Now, the problem is that a lot of things that people call services don't really fit this definition. For example, a service that has only functionality. It's a function not a service. For example, calculation or validation, you can tack the service onto the end of it, and I know lots of people do. This is a calculation service, a persistent service, a UI service, whatever service. Just use the word service to tack it on to something to make it sound more important. But when doing software architecture as a rule of thumb, what you're going to want to do is be really clear as to what it means when you use a word. So if you have something that's just a function, that's fine, call it a function. This is a calculation function, a validation function. But in those cases, really ask yourself, what's the incremental benefit of having this be a remotely callable function. Usually when people use the word service, that's what they mean, it's remotely callable.
00:15:41 Udi Dahan
Is that really in your interest to make this function remotely callable given that we know that at a network level, so many bad things can happen? We can have HTTP timeouts, we can have latency issues, we can have bandwidth issues. All sorts of bad things can happen once you try to cross the network. So you should really ask yourself, is there any advantage in making this function remotely callable? But even if there is an advantage and you say, "All right, we're going to make this function remotely callable because it's very CPU intensive, and we want to offload that from the rest of the system," that's fine. Still doesn't make it a service, makes it a remotely callable function distinguished between your logical architecture and your physical architecture. Services are about the logical architecture. The physical deployment, that's a totally other thing.
00:16:34 Udi Dahan
Other things that are called services that aren't, service that only has data where the entire rest of the functionality is create, read, update, delete of that entity's data. A lot of times they see this when people create restful services, so create a restful service per entity. And they say, and of course, the rest guys are like, well, there you go. You've got your HTTP PUT, POST, GET, DELETE. There is your create, read, update, delete. Once again, not a service. If all it has is data, it's a database. Guess what SQL can do. SQL insert, SQL update, SQL select, SQL delete. You do not need to rap SQL with HTTP. SQL is interoperable enough by itself, believe me.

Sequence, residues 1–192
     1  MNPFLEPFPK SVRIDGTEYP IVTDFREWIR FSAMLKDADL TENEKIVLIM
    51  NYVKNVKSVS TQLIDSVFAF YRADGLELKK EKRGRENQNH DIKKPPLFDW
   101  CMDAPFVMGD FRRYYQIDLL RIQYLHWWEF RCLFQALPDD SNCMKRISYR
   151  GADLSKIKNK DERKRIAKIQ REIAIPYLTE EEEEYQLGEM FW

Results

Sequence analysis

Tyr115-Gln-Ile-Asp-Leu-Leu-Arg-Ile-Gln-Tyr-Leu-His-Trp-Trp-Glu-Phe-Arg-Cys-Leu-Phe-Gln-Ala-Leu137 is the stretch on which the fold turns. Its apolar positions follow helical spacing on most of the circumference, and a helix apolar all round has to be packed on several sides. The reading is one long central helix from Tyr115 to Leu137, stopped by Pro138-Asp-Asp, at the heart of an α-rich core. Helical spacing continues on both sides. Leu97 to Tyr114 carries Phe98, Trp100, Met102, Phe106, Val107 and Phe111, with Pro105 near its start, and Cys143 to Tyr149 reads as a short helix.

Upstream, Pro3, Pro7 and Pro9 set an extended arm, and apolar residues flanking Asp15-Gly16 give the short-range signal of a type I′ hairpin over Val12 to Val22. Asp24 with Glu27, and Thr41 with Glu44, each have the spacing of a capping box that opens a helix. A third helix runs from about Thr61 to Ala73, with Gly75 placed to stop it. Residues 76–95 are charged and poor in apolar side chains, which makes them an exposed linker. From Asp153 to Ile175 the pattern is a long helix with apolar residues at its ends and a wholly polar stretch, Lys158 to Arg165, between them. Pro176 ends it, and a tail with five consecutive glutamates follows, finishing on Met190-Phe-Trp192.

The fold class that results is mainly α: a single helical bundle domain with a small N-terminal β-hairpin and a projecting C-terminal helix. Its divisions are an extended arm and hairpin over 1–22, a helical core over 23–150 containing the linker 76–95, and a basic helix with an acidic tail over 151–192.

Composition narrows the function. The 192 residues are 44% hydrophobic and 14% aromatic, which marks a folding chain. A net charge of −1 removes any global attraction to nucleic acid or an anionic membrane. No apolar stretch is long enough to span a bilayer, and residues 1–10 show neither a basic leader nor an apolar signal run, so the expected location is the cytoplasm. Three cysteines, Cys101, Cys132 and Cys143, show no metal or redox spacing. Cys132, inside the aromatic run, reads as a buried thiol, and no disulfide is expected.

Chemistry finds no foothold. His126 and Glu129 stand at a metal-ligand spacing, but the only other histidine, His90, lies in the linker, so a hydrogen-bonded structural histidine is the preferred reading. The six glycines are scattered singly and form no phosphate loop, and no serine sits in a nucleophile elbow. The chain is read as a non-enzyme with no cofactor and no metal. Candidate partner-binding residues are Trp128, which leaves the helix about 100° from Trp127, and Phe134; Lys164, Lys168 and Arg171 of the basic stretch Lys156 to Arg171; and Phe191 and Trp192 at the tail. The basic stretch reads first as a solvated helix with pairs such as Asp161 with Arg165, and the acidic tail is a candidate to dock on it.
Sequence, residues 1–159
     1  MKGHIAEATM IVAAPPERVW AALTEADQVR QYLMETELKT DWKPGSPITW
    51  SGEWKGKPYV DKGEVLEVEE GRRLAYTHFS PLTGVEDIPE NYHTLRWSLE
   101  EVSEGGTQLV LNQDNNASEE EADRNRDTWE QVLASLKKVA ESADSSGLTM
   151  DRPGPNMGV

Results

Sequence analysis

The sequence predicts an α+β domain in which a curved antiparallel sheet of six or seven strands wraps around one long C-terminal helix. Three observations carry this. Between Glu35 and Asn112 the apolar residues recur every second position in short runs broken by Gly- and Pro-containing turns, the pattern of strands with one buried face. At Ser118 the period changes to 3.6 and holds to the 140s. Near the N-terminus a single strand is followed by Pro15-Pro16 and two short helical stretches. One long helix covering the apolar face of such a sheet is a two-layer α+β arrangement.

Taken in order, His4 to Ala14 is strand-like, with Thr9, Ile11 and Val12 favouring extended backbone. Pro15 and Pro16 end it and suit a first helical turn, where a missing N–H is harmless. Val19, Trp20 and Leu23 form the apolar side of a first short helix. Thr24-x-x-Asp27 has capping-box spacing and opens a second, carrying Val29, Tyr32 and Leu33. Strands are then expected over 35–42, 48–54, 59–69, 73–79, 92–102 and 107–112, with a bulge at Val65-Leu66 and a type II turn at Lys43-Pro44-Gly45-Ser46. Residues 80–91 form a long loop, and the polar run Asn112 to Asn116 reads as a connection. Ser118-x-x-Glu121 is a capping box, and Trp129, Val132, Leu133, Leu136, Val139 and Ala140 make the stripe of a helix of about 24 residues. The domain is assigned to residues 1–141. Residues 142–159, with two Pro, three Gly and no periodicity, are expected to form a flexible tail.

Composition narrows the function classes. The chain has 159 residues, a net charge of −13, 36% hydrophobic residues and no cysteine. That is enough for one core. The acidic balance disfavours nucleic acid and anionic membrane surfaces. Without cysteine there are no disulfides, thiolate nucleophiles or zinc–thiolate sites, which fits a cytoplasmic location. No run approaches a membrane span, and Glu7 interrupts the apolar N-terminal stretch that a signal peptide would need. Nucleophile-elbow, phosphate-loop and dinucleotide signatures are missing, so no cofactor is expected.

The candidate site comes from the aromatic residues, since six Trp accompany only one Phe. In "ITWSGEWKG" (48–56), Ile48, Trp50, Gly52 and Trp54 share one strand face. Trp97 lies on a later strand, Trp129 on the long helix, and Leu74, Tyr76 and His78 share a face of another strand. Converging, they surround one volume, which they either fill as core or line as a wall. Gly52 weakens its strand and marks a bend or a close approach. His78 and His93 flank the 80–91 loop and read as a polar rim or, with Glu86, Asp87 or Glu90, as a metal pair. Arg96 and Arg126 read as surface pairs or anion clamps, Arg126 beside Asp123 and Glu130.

00:17:30 Udi Dahan
And then there's that whole thing of, well, it's a service, let's make it remotely callable. Guess what, databases are already remotely callable, you do not need to put another layer of remote call ability around the database. So if it's a database, just let it be a database. Don't try to call it a service, do not go and create layers upon layers of abstraction around it. So really try to be careful with where you introduce HTTP, where you're introducing any kind of network call, why you're doing. Majority of the time, this element of remote call ability is not as great as most people portray it to be. All of these remote calls come with a very high overhead. And from a loose coupling perspective, they don't actually change anything. So when looking at your services, don't necessarily look at them from the perspective of anything can be a service or a microservice, if that's the word that you prefer to use.
00:18:36 Udi Dahan
Instead, when we say services are autonomous, what that means is one service will be loosely coupled from another service. And when we look at our code bases and we say, "Well, how does the coupling actually flow?" A very good way of identifying service boundaries is looking at the necessary coupling in your code base. What things have to talk to each other versus what things don't really have to talk to each other? And this is where we introduce the traditional layered architecture. What we end up seeing in almost any element of layering is that layers have to talk to each other. UI layer talks to the API layer, talks to the business logic layer, talks to your data access logic layer, talks to the database. It's really rare to see layers not talking to each other. Layers are fundamentally coupled to each other. Ergo, trying to make them loosely coupled by introducing more layers in the middle, it's not really going to help.
00:19:42 Udi Dahan